Category Archives: Nukes

The Final 100 Seconds

(Courtesy of Globe and Mail)

Never before this year 2020 has the world-famous Doomsday Clock registered only “100 seconds-to-midnight.”  According to the Science & Security Board, Bulletin of the Atomic Scientists, since WWII, the world has never been so perilous.

Alas, it’s been a long journey (73 yrs) all the way up to 100 seconds to midnight versus the original 1947 setting of seven minutes to midnight. The safest setting was at 17 minutes to midnight in 1991 at the end of the Cold War. The wonderfully famous iconic clock is located in the lobby of the Bulletin offices at the University of Chicago.

Unceremoniously, recklessly the Trump administration carries the indisputable title as one of the most dangerous executives in the history of the country with two key issues that determine the clock’s settings:  (1) climate change deniers and (2) atomic bomb explosion enthusiasts for simplicity of political gain, nothing else.

The Doomsday Clock is set by a board of scientists and professionals with depth of knowledge about nuclear technology and climate science. They are established professionals that often provide expert advice to governments and international agencies. Impressively, the Bulletins’ Board of Sponsors includes 13 Nobel Laureates.

The Doomsday Clock is internationally recognized as an important SOS of impending catastrophe. University of Chicago scientists that developed the first atomic weapons in the Manhattan Project founded the concept back in 1945. Thereafter, the Bulletin of the Atomic Scientists created the Doomsday Clock two years later.

Accordingly, as of June 2020:

In the view of many, the Trump administration’s proposal to expand spending on nuclear weapons is a sad and dangerous illustration of wildly misplaced federal spending priorities. As it proposed a 19 percent increase for nuclear weapons next year, the White House initially planned to slash the budgets for the Centers for Disease Control by 19 percent and the National Institutes of Health by 7 percent. The Pentagon’s proposal to cut the budget for the Cooperative Threat Reduction program in order to fund weapons modernization amid a global pandemic is shockingly reckless.1

In an incredibly mind-boggling act of near lunacy, senior White House officials have discussed conducting the first U.S. nuclear weapon test explosion since 1992, as a multi-billion dollar chest-thumping gesture aimed at Russia and China.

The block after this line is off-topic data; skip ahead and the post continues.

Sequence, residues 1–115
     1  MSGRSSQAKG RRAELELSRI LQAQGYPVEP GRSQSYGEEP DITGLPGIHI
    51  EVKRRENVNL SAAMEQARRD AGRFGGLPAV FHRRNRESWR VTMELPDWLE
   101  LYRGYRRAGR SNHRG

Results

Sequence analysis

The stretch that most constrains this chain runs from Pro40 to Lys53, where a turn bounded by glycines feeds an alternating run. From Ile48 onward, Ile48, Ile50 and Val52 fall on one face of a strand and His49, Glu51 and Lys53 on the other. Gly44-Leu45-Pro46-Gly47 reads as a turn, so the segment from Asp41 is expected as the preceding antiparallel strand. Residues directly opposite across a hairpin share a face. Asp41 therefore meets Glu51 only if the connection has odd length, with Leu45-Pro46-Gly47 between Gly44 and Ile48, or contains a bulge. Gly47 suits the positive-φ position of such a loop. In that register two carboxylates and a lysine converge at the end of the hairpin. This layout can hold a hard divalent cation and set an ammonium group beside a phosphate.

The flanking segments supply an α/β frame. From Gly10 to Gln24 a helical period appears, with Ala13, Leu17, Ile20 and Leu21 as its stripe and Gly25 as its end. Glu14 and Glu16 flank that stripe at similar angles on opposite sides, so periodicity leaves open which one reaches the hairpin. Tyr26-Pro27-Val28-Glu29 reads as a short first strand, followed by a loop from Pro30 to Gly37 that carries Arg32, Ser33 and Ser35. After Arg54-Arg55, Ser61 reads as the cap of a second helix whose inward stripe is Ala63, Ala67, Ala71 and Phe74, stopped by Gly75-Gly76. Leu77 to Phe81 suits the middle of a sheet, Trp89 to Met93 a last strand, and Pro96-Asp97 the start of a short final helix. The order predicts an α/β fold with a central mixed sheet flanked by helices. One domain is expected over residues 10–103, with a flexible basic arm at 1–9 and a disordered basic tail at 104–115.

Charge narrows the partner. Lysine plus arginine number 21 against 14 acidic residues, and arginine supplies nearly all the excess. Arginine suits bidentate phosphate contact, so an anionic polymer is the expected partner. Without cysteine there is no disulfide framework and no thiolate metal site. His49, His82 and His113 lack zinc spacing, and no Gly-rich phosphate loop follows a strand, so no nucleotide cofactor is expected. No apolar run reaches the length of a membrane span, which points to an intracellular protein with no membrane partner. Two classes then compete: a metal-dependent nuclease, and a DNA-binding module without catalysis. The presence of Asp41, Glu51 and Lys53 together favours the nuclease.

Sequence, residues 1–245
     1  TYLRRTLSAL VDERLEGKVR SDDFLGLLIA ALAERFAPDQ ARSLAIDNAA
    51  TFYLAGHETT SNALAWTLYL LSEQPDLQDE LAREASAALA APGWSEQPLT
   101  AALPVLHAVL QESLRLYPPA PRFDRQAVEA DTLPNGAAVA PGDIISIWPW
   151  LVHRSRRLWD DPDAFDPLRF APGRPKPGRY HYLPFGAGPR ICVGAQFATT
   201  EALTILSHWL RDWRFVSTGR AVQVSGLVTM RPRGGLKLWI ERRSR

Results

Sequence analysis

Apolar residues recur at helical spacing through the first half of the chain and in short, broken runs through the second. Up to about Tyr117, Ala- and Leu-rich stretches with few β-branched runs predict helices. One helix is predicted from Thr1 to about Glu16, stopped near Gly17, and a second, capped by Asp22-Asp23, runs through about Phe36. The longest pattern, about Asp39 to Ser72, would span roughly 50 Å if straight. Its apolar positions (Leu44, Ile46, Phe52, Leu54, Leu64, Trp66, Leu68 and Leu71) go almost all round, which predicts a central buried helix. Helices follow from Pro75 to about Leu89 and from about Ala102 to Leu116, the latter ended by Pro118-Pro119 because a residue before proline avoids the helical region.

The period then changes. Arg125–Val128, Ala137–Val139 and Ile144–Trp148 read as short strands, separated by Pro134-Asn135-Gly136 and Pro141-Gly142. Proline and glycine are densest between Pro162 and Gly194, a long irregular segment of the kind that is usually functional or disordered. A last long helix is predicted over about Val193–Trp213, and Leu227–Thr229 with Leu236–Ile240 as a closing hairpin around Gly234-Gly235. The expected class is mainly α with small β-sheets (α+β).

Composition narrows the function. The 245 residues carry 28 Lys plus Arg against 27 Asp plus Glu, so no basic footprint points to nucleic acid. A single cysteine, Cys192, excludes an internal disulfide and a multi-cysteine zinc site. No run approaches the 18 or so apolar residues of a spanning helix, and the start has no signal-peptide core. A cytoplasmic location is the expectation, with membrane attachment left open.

Several organizations have sent letters to Congress demanding prevention of funding for such boldfaced recklessness, and as a consequence, the likely start of a new nuclear arms race.

Eighty members of Congress have called on Trump to drop the insanity of renewed atomic bomb testing, calling it an “awful” and “dangerously provocative” proposal that would likely re-ignite a new nuclear arms race.

According to former Ambassador Thomas Graham, Jr., who led the successful US effort to indefinitely extend the Nuclear Non-Proliferation Treaty, such tests would “undermine 50 years of foundational global agreement that has curbed the spread of nuclear weapons under the Nuclear Non-Proliferation Treaty. 2

Additionally, Sara Z. Kutchesfahani of the Bulletin of Atomic Scientists said:

A U.S. resumption of nuclear tests would send a bad signal to other countries and prompt them to test and create their own nuclear weapons. Moreover, innocent bystanders could be exposed to the radioactive fallout from a nuclear explosion. Tens of thousands of people have been afflicted by leukemia, thyroid cancer, miscarriages, and severe birth defects as a result of past nuclear testing in the United States alone.3

Radioactive isotopes kill and/or maim protoplasm; i.e., living cells in people. A relatively new study by Keith A. Meyers, Danish Institute for Advanced Study, traced the effects of US radiation from 1951 to 1963 from above ground atomic tests in Nevada. Meyers utilized National Cancer Institute records of Iodine 131, a dangerous isotope released in the Nevada tests, found in county-level mortality records, thereby discovering the gruesome fact that US nuclear testing killed hundreds of thousands of people, previously not accounted for.  After all, nuclear emissions or radioactive isotopes drift in the atmosphere or otherwise lodge in soil and water, ending up in udders of cows that produce milk, amongst other horrors and misdeeds committed by radioactive isotopes.

As it happened, development of atomic bombs by the US carelessly created a weapon against its own people. This gruesome fact has largely been ignored by politics of all persuasions, but it’s a crime against humanity. Isn’t it?